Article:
When the nation emerged from the second world war, national debt was over 200% of GDP. Despite this, the NHS was born. As we emerge from this crisis the government has an opportunity to put action behind its commitment to 'build back better', and come up with a package of funding and reform for a social care sector that has been woefully neglected.

Yet, the Budget and last year’s Spending Review didn’t offer much optimism. The Spending Review’s 1-year funding settlement for social care was barely enough to meet demand for this vastly overstretched sector and the Budget was silent on social care. The sector desperately needs a longer term funding settlement and radical reform but is left with a familiarly vague government commitment to bring forward proposals 'later this year'. This compounds the disproportionate impact of the pandemic on people receiving care and working in the sector.

So, what is the impact of continued delay to social care reform and what should be included in the government’s proposals and Spending Review in 2021?

The major problems are well known by people working in the sector and policymakers. These were set out in the Health Foundation’s submissions to last year’s Commons health select committee inquiry on social care funding and workforce and a previous publication on social care priorities.

The first problem is money. Local authority budgets were reduced by around 21% in real terms over the last decade. Although social care was relatively protected compared to other services such as local libraries and street cleaning, spending on it still fell by 12% in real terms over the last 10 years, after adjusting for a growing and ageing population. Fewer people are getting the care they need, there’s a high burden on unpaid carers, the workforce is underpaid and undervalued, and many of the 25,000 care providers are not financially sustainable. 

The second problem is how care is paid for. While the NHS is free at the point of use, publicly funded social care is means-tested. It is only available for those who have significant needs with assets of less than £23,250 and insufficient income for their care requirements. This leaves people facing great uncertainty about the future costs they may incur – at least one in ten people face social care costs of more than £100,000 – and it is widely seen as unfair that those with the greatest care needs pay the most. This is a longstanding issue, which governments have repeatedly promised and then failed to address.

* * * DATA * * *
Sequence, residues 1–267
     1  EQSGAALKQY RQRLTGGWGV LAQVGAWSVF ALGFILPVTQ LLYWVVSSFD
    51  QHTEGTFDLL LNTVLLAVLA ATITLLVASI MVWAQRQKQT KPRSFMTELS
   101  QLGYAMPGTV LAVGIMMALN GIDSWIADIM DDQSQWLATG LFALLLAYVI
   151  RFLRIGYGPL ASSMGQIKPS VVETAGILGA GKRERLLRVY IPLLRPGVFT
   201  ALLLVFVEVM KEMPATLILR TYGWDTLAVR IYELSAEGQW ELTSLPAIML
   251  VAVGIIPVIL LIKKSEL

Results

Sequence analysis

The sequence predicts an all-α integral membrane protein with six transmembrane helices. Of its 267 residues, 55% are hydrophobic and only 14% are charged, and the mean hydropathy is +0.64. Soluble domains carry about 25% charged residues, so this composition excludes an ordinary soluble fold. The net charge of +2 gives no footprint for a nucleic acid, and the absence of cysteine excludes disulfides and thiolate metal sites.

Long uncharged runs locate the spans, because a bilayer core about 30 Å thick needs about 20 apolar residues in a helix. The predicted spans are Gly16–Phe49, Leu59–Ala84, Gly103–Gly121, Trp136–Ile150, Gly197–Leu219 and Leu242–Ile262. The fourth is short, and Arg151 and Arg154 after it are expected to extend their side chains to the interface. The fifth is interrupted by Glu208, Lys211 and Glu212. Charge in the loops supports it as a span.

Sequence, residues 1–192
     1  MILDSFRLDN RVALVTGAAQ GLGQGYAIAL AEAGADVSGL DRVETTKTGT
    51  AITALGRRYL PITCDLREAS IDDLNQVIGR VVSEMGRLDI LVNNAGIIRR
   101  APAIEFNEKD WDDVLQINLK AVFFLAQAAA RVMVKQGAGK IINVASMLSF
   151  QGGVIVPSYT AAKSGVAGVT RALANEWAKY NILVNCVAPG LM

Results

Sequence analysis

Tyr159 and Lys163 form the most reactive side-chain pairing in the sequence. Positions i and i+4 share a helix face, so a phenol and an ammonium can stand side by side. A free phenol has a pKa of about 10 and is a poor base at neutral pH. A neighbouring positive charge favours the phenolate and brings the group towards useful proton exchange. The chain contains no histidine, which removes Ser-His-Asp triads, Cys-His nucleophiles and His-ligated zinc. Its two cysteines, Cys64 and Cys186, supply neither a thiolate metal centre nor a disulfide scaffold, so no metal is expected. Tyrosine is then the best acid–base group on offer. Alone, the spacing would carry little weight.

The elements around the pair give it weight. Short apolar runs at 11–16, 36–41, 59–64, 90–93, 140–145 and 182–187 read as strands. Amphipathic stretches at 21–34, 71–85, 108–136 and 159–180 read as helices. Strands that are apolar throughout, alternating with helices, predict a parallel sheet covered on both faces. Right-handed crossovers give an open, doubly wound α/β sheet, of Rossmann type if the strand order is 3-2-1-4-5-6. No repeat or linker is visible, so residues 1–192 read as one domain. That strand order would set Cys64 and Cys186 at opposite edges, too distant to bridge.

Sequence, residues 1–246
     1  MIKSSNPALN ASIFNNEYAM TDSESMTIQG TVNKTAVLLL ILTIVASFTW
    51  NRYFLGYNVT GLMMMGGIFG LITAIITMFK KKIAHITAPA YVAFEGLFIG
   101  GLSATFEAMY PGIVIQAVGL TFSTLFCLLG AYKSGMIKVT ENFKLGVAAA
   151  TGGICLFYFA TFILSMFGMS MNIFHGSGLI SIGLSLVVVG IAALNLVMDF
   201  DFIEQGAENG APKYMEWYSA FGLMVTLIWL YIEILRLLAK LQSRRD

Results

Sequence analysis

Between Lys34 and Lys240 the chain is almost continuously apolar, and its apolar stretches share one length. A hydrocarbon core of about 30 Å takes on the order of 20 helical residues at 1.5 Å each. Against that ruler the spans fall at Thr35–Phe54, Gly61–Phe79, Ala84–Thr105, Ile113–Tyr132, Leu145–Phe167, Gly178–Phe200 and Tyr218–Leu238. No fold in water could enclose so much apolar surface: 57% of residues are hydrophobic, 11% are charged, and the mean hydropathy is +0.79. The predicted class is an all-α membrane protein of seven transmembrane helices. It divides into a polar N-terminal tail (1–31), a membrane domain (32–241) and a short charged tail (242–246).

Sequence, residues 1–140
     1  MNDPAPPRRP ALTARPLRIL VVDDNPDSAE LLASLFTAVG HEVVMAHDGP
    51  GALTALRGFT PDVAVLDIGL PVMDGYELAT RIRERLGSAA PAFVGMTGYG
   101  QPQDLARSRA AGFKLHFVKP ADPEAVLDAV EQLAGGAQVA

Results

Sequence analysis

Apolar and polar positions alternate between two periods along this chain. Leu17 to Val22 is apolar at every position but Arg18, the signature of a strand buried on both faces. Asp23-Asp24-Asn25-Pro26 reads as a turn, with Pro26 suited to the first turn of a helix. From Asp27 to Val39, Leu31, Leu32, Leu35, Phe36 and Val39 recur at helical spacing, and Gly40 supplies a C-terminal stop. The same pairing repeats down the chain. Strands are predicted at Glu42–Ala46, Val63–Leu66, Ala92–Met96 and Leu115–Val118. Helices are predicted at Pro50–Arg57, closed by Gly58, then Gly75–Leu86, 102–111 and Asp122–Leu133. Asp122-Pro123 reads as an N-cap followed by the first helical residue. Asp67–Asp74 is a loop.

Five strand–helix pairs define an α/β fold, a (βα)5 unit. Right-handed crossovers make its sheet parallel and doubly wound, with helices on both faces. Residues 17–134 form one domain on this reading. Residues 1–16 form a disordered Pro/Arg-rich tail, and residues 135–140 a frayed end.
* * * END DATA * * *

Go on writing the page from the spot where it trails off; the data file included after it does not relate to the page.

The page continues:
The third problem is that the way the social care system works can make change difficult. Most organisations providing day-to-day care are private companies and are free to set their own wages. This makes it hard to ensure that any additional funding would lead to higher pay for staff and to achieve any national consistency in employment terms, conditions or career structure. The structural issues associated with the social care market are often overlooked. These problems are not intractable but solving them requires political will and government spending.

The social care system also needs dedicated funding over the long term. The Health Foundation’s REAL Centre estimates that additional funding of around £14.4bn a year would be needed by 2030/31 to meet demands from an ageing population, increase access and raise the amount care workers are paid. This is an increase of 60% on current projections.

Yet without reform, additional funding won’t automatically give more people access to better care or lead to improved pay and terms and conditions for the workforce. Greater local authority accountability or some ringfencing of budgets could accompany longer term funding commitments. A combination of a national care tariff, care worker minimum wage or sectoral wage boards may be needed to ensure quality of care and pay increases. On funding reform, the Dilnot Commission’s proposal for a cap on care costs were accepted by the government and are on the statute books but have never been implemented. This would address the unfairness of how care is funded and could be implemented quickly at a cost of around £3.1bn per year by 2023/24 with a £46,000 cap. The cap would mean that an older person entering a care home would pay for the first two years of their stay, with the state paying after that.

In addition, almost 50% of local authority spending is on younger adults who are often forgotten in the debate. They have different needs – for example, they will need more help accessing employment than ever. Government must also increase support for unpaid carers who have taken on more during the pandemic. A genuine reform package would also involve joined up thinking on the post-Brexit immigration system on the sector, the pensions and benefits systems, reform of NHS Continuing HealthCare, funded nursing care and integration with the NHS.

The government must fulfil its promise to fix the crisis in social care 'once and for all'. The pandemic has illustrated the grave consequences of years of political neglect and under-investment in social care. The government should set out a generous financial settlement at the spending review later this year and urgently publish reform proposals.

This blog was originally published in Local Government Chronicle on 5 March 2021.

Further reading

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Adult social care and COVID-19: Assessing the policy response in England so far

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